HOW TO ELIMINATE THE NEED TO REBUILD THE MASTER DATABASE
You can create copies of the system DB files while SQL Server is running
Enhance your daily backup job such that, after the master database is backed up, a script does this:
1. Obtains the name of the backup file or device (from the system tables).
2. Restores the backup as "master2", using WITH MOVE to specify the default physical filenames, but in a different location, such as a subfolder to your backups.
3. Detaches the master2 database.
Those steps will create a ready-to-use copy of the master MDF and LDF files without interrupting the availability of applications
(because there is no need to stop SQL Server).
The files will have the same "recovery point" date and time as the BAK file.
When replacement system DB files are needed, there is no need to use special startup modes, no need to reinstall or REBUILD, no need for a ghost installation of SQL Server, no concerns about having exact documentation of the instance configuration or patch level.
NOTE: When SQL Server detaches a database, the file permissions are reduced such that only the run-time identify of SQL Server will have access to them
. If you need to use the copies, you will have to take ownership of the files first. You should COPY them back into place (instead of MOVING them) to ensure that they inherit the permissions of the folder they belong in.
You can also do this to the msdb and model databases, to allow you to very quickly restore all three system databases and get SQL Server running again.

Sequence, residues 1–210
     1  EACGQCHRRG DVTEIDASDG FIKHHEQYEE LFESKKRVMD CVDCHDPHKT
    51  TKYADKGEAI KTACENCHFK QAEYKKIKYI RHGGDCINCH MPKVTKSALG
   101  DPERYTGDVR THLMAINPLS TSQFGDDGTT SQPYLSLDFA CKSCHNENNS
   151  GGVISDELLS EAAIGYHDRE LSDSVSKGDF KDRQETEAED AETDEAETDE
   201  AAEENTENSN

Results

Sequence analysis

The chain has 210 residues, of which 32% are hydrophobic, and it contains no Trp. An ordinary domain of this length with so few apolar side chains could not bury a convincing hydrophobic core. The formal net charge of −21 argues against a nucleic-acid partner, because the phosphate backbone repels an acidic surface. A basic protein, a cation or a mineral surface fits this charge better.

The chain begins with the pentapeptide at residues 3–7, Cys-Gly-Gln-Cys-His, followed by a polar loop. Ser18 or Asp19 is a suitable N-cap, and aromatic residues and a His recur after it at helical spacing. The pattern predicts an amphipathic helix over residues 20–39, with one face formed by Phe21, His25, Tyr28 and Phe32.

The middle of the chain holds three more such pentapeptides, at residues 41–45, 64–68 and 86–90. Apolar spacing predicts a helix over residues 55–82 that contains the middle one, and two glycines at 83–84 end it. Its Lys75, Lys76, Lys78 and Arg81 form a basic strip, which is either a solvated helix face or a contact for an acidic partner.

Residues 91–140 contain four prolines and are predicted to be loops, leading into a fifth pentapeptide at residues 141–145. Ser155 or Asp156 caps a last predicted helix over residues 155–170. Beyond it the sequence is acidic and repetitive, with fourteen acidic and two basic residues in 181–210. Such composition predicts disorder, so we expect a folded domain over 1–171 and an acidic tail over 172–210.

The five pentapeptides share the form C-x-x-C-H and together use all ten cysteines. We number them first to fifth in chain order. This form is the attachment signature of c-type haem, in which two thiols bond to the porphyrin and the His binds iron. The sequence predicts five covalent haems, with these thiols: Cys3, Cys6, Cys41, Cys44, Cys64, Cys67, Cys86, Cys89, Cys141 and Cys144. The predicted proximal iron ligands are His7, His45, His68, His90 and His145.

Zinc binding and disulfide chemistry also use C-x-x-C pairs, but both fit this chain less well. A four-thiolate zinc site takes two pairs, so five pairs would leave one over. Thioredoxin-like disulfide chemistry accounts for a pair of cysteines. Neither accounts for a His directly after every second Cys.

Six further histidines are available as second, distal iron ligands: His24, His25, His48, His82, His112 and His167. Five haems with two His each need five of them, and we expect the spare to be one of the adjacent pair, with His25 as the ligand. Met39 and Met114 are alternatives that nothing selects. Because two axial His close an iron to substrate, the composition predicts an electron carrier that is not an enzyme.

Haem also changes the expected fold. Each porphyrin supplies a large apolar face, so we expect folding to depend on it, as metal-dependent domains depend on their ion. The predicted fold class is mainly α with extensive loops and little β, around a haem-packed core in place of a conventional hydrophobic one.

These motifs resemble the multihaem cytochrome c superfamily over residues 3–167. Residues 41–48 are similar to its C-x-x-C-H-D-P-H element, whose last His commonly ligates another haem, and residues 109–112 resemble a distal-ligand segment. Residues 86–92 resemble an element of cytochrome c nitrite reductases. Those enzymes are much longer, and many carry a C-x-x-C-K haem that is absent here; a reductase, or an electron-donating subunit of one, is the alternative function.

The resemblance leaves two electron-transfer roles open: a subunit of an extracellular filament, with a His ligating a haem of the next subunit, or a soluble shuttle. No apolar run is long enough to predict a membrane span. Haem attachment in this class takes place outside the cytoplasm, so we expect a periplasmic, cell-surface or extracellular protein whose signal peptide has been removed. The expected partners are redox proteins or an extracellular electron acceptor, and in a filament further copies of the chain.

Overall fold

A fuller version of this solution would rename the prior copy of the files to *.old until the new copies have been generated, and would start by checking for evidence of a prior failure by checking whether any *.old files exist.
With "the backup folder" being a special location for the copies of the Sysdb files, here is the algorithm I am using:
1. In the backup folder , check for files named *.mdf.old. If found, raise an alert that the prior run did not end cleanly (include a directory listing) and then continue.
2. In the backup folder, delete any files that are named *.mdf.old or *.ldf.old.
3. In the backup folder,
rename *.mdf to *.mdf.old
rename *.ldf to *.ldf.old
4. Check whether any *.old files are missing. if so, raise an alert and then continue.
5. For master, msdb and model ...
5.1 Obtain the name of the current backup files (from the system tables).
5.2 Restore the backup as "<dbname>2", using WITH MOVE to allocate it with the default physical filenames, located in the backup folder.
5.3 Detach the <dbname>2 database.
6. Check whether any MDF or LDF files are missing. if so, raise an alert and then STOP.
7. In the backup folder, delete *.old
8. Check whether any *.old files exit. if so, raise an alert and continue.
The steps that check for files or the lack of files may seem redundant, but they serve an important role: they ensure that you are alerted to problems even if those problems did not raise an error that caused the job to fail. (Ensuring the ability to restore data is a DBAs primary responsibility, so I like to have a high level of confidence that the file copies were created successfully).
This algorithm is also robust enough to handle the situation of a prior run being interrupted.
The text of the alerts can be accumulated until the end (or until a STOP is encountered). That would allow all information to be sent in one alert.
These copies of the system database file are backed up to tape along with the server, so if the server is restored from an older backup, the copies will also be restored as of that date, so they will match the state of the instance's binaries.
I would share my code, but alas, I do not own it. I might write a version of my own to share - perhaps in PowerShell.